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Prince Grigori Potemkin
Source: Wikipedia Commons

Prince Grigori Alexandrovich Potemkin: Russian statesman; born 24 September 1739 in the village of Chizhovo, Russia. As a member of the Chevalier Guard, he participated in the palace coup that ousted Peter III.  By 1774 he had become a favorite of Catherine the Great, and for the next 17 years he was the most powerful man in the Russian Empire. Potemkin died 5 October 1791.

Potemkin was appointed gov­ernor general of New Russia by Catherine the Great with instructions to open and settle the newly acquired territory in the South. Potemkin accomplished this task by resettling Russian peasants and settling foreign pioneers, by founding cities (see Kherson and Ekaterinoslav [now Dnipropetrovsk]), developing roads, and planting forests and vine­yards. The war with Turkey, which broke out in 1787, came inopportunely for him, but the acquisi­tion of Crimea in 1783 was one of his achieve­ments. Upon the suggestion of Count Peter Rumyantsev (1725-1796), a Russian general, Catherine sent George von Trappe as her plenipotentiary to invite foreign settlers, with an especial commission to the Danzig Mennonites, whose pioneering capabilities had come to the attention of the Russians in the Seven Years' War. As governor general of Little Russia Count Rumiantsev was much interested in agriculture, and in 1770 he had permitted the Hutterian Brethren, who had been designated as Men­nonites by the immigration laws, to settle on his Vyshenka estate in the province of Chernigov. After Rumyantsev's death the Hutterian Brethren established a Bruderhof at Radichev. In oth­er respects also the Hutterian Brethren were the forerunners of the Mennonites in settling in Russia.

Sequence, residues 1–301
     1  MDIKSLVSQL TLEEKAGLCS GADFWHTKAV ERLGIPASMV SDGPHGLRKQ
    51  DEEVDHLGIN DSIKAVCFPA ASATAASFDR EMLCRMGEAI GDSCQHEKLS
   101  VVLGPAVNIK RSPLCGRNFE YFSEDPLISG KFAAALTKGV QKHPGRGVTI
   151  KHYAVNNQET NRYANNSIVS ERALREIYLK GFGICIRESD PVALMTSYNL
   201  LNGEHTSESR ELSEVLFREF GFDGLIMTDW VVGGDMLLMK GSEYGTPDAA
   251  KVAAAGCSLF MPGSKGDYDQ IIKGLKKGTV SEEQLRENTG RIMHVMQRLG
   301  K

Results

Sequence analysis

Potemkin, whose colonizing achievements have been described by Theresia Adamczyk, in 1786 re­ceived in Dubrovna on the Dnieper Jakob Höppner and Johann Bartsch, the delegates sent by the Danzig Mennonites to examine the land of­fered by Catherine. In the spring of the following year the delegates were received at Kremenchug by Catherine in the presence of her dignitaries, and al­so, on the return journey, by Paul, the heir apparent to the throne. They had selected the region of Berislav, not far from Kherson, for settlement, but "on account of warlike events" (Heese) were compelled by Potemkin to settle in the Chortitza area in the district of Ekaterinoslav, the capital of which Potem­kin was planning to make the center of the Black Sea region.

Bibliography

Adamczyk, Theresia . Fürst G. A. Potemkin, Untersuchung zu seiner Lebensgeschichte (dissertation, Berlin and Emsdetten, 1936): 28-49.

Hege, Christian and Christian Neff. Mennonitisches Lexikon, 4 vols. Frankfurt & Weierhof: Hege; Karlsruhe: Schneider, 1913-1967: v. III, 385.

Klaus, Alexander. Unsere Kolonien (translated into German from Russian by Jakob Töws, Odessa, 1887).

Leibbrandt, Georg.  Sammlung IV. Leipzig, 1941: 3, note 1; 4, note 5.

Woltner, Margarete. Die Gemeindeberichten von 1818 der deutschen Siedlungen am Schwarzen Meer.


Author(s) Benjamin H Unruh
Date Published 1959


Cite This Article

MLA style

Unruh, Benjamin H. "Potemkin, Prince Grigori Alexandrovich (1739-1791)." Global Anabaptist Mennonite Encyclopedia Online. 1959. Web. 25 Apr 2014. http://gameo.org/index.php?title=Potemkin,_Prince_Grigori_Alexandrovich_(1739-1791)&oldid=111672.

APA style

Unruh, Benjamin H. (1959). Potemkin, Prince Grigori Alexandrovich (1739-1791). Global Anabaptist Mennonite Encyclopedia Online. Retrieved 25 April 2014, from http://gameo.org/index.php?title=Potemkin,_Prince_Grigori_Alexandrovich_(1739-1791)&oldid=111672.




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Adapted by permission of Herald Press, Harrisonburg, Virginia, and Waterloo, Ontario, from Mennonite Encyclopedia, Vol. 4, pp. 206-207. All rights reserved. For information on ordering the encyclopedia visit the Herald Press website.


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